Table2: Antibacterial efficacy of different solvent extracts of Phyllanthus emblica Fruits Sr Strain Zone of inhibition (mm) . +/Concentration Petroleum Microorganism N (mg/ml) Chloroform Alcohol ether o. 10 05 05 08 1. Escherichia coli -ve 20 09 10 12 10 04 05 09 Pseudomonas 2. -ve aeruginosa 20 10 11 15 10 08 12 20 Staphylococcus 3. +ve aureus 20 12 17 29 10 05 08 10 4. Bacillus subtilis +ve 20 09 14 18 Table 3: Phytochemical Analysis of Phyllanthus emblica Using Different Solvent Phytochemical Petroleum ether Chloroform constituents Leaves Fruits Leaves Fruits Alkaloids + + Oil and Fats + + + + Glyceroids Carbohydrates Simple phenolics + + + + Tannins + + + + Lignin + + Saponins + + + + Flavonoids Terpenoid DISCUSSION Naturally occurring substance of plant origin have been reported to inhibit the growth of microorganisms. Plants extracts have been used in folk and even modern medical practices for the treatment of different ailments, most of which are due to microbial activities (Irobi 1992). Bacterial infection seems especially controllable due to good hygiene and the availability of effective antibacterial drugs. The development of resistance to antibiotics is an almost inevitable consequence of their application (Ekhaise and Okoruwa 2001). The speed of resistance depends on the respective class of antibiotics and their product use. For many years, medicine depended exclusively on leaves, flowers and barks of plants, only recently have synthetic drugs come into use and in many instance, these are carbon copies of chemical identified in plants. In orthodox medicine, a plant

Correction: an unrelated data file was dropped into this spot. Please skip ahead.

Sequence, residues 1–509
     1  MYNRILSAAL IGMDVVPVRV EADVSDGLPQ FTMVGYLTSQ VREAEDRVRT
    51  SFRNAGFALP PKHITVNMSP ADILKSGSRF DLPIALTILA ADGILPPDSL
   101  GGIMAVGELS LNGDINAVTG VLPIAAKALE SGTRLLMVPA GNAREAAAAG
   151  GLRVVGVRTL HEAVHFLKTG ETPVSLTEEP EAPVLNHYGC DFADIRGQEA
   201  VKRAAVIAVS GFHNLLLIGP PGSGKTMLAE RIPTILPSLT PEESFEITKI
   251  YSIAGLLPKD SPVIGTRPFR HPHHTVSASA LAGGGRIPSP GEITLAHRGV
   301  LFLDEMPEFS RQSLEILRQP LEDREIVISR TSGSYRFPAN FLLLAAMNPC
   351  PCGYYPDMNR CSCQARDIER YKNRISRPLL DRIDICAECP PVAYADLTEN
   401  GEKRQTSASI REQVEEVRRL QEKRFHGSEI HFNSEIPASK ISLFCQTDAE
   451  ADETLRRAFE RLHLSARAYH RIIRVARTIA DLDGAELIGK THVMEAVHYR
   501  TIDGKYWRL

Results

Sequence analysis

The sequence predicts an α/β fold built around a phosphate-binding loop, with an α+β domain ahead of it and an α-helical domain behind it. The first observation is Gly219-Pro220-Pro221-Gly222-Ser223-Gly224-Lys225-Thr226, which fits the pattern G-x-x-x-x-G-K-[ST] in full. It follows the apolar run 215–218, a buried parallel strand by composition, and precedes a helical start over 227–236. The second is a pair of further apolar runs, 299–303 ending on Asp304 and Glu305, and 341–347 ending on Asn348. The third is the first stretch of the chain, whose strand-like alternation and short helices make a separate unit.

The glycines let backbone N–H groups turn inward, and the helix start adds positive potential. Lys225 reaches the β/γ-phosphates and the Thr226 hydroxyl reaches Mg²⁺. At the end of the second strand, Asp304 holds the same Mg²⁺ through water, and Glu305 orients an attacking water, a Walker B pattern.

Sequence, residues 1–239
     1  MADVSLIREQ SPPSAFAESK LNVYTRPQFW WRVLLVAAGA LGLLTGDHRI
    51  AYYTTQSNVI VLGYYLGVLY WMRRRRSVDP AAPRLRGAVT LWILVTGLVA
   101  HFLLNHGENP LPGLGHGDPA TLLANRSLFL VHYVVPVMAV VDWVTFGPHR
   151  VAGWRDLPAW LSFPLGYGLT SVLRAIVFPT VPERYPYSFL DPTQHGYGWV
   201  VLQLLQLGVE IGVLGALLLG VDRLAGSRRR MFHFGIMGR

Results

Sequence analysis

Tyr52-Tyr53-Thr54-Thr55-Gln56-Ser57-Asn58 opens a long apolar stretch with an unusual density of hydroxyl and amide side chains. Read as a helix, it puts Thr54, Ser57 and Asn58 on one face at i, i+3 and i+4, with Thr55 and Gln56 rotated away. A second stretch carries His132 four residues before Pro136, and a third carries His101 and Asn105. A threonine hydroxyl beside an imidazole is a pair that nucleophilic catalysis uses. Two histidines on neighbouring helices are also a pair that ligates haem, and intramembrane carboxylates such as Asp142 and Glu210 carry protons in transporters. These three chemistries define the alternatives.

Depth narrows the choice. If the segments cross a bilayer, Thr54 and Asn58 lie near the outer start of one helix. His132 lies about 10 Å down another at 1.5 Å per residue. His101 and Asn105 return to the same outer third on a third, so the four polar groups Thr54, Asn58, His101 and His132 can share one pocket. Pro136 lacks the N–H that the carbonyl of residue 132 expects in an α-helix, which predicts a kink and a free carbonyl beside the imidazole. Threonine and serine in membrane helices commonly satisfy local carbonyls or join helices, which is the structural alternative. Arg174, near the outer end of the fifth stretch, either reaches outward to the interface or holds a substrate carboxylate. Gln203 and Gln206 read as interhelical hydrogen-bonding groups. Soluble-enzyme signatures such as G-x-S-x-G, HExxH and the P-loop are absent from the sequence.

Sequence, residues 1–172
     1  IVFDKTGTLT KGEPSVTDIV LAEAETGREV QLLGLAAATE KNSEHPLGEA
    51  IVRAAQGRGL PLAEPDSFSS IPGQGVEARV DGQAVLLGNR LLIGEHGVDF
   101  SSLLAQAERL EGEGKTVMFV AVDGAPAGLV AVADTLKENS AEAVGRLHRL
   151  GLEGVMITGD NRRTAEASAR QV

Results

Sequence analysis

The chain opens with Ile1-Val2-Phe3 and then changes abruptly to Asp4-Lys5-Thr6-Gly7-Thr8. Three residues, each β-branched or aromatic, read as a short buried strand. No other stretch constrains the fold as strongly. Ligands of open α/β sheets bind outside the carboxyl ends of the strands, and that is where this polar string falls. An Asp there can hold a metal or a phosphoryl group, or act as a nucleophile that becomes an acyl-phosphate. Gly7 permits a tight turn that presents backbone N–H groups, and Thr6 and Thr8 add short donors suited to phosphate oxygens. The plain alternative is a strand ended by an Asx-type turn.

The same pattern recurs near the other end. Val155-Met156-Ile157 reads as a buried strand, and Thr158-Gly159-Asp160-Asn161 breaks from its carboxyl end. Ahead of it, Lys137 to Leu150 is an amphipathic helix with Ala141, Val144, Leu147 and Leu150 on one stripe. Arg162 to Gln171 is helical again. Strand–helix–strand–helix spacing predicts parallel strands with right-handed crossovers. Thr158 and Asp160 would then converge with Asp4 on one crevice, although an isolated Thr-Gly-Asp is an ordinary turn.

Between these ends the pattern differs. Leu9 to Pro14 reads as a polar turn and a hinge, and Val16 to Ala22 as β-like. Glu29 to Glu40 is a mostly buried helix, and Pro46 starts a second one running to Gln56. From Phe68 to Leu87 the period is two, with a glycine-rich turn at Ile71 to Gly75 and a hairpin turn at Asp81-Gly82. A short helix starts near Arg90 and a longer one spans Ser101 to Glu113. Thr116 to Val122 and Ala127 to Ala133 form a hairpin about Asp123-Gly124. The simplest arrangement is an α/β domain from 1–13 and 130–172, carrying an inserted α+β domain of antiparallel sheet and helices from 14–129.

Amphicillin (40 g/ml) 18 23 30 25

Alcohol Leaves + + + + + + + + + -

Fruits + + + + + + + + + +

may be subjected to several chemical processes before its active ingredients are extracted, while in traditional medicine, a plant is simply eaten raw, cooked or infused in water or native wine or even prepared as food (Conway 1973). Phyllanthus emblica L has been used for the anti inflammatory and anti pyretic treatments by the rural population in its growth areas in India. It is one of the common ingredients of many ayurvedic medicines. It is consumed as vegetable in pickles and other dishes in India. It is hoped that this study would lead to the establishment of some compounds that could be used to formulate new and more potent antimicrobial drugs of natural origin. In conclusion, all of the plant extracts tested in this study had potential antibacterial activities against the reference strains.

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Science Research Reporter 1(3): 138 -142, Nov. 2011 Our results support the use of these plants as traditional medicine and suggest that some of the plant extracts possess compounds with good antibacterial properties that can be used as LITERATURE CITED

ISSN: 2249-7846 (Online) antimicrobial agents in the search of new drugs. Further studies are on going to isolate, identity, characterize and elucidate the structure of the bioactive components.